Automotive, a moving example
We explored German innovation barriers to digital transformation in German Innovation Insider: The Brakes on Digital Innovation previously. As a follow-up, let’s look at an example of a successful industry already known for German high-tech innovation: the iconic German automotive industry.
Automotive is the largest industrial sector in Germany. Vehicles and parts make up some 20% of total German industry revenue with auto sales and exports worth 368 billion euros ($411 billion) in 2014. Car-making is a German strong suit with luxury cars being the most profitable segment.
Electric Vehicles? – “Nein, Danke!”
Disruptive players emerged with electric car concepts for years. They were generally ignored by the established car makers despite the high eco-consciousness of German society in general. The new technology was not considered a threat nor as profitable as the existing businesses. So electrical vehicles were disregarded so not to disrupt or cannibalize the traditional business with combustion engine vehicles.
The influence of the car industry remains strong and has an outspoken lobby also in Germany. This contributes to failing the German government’s announced goal of leading the electric mobility market with “one million electric vehicles on the road by 2020” since only 8,522 new electrical vehicles were registered in German in 2014 (up from under 3,000 in 2012).
Innovation Catch-up by the Automotive Industry
The game changed when disruptive niche player Tesla Motors started cutting into the highly profitable luxury car segment with its high-end and high-tech electric vehicles. Tesla also receives outstanding customer service reviews in key markets such as the United States. Suddenly German car builders scramble to catch up to protect their stakes: everyone wants to offer at least one electric vehicle in their luxury car portfolio as a ‘Tesla Killer.’ Finally, negligent or halfhearted governmental support of the program just changed course by offering temporary tax breaks and other incentives.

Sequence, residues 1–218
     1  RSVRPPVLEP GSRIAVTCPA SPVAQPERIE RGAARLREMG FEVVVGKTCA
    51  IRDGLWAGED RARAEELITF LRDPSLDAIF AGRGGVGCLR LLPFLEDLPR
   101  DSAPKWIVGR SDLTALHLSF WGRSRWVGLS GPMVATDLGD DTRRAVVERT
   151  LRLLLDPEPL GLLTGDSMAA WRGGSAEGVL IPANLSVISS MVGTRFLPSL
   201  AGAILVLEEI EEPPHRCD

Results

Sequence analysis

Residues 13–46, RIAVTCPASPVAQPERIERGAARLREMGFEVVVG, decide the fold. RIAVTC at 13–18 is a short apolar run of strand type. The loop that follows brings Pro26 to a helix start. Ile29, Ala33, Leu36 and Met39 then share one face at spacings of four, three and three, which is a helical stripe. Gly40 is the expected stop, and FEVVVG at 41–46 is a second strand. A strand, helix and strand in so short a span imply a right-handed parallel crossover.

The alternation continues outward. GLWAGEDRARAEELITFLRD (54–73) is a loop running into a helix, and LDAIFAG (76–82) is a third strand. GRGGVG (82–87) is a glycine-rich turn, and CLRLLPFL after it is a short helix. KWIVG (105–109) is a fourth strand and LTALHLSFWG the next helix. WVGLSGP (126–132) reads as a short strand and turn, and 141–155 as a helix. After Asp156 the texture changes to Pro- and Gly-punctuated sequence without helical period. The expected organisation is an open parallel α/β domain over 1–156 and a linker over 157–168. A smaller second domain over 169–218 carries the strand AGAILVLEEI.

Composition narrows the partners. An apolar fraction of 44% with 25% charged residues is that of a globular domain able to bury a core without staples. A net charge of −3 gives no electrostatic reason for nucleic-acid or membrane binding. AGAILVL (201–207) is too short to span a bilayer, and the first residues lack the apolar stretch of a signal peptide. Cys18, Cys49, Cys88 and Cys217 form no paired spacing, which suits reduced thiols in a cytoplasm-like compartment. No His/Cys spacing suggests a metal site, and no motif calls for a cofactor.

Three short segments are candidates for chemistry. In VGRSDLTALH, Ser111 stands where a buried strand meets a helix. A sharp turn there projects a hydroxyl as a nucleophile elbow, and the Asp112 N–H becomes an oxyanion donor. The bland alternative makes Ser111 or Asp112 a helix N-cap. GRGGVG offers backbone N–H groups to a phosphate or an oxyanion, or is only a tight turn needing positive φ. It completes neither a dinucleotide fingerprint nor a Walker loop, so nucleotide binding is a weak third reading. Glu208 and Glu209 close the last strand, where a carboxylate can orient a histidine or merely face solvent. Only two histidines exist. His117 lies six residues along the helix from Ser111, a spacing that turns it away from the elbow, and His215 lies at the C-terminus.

Growing out of the Niche
Now, disruptive innovation may not make cars obsolete. We still want to get from A to B, so incrementally improved cars (better safety, quality components, etc.) will remain in demand and customers will continue to pay a premium for luxury models. Take a closer look at Tesla though to see the difference of their bigger and bolder view: the Model S versions, for example, are constructed all the same except for the model sticker on the back.
The true battlefield is no longer the physical car alone. From the steering unit to the breaking-system Tesla’s are built from pre-assembled, tried-and-tested components from quality manufacturers; including parts from some German hidden champions such as Stabilus (liftgate gas spring) and ZF Lenksysteme (steering mechanism).
Software is Pivotal
Nonetheless, it’s the software configuration in the Model S that makes the difference from regulating the available battery capacity (extended range) to other features (acceleration) that become available to its passengers. Tesla added ‘Autopilot’ functionality and a self-parking feature to its fleet just recently – simply via remote software update. Voila!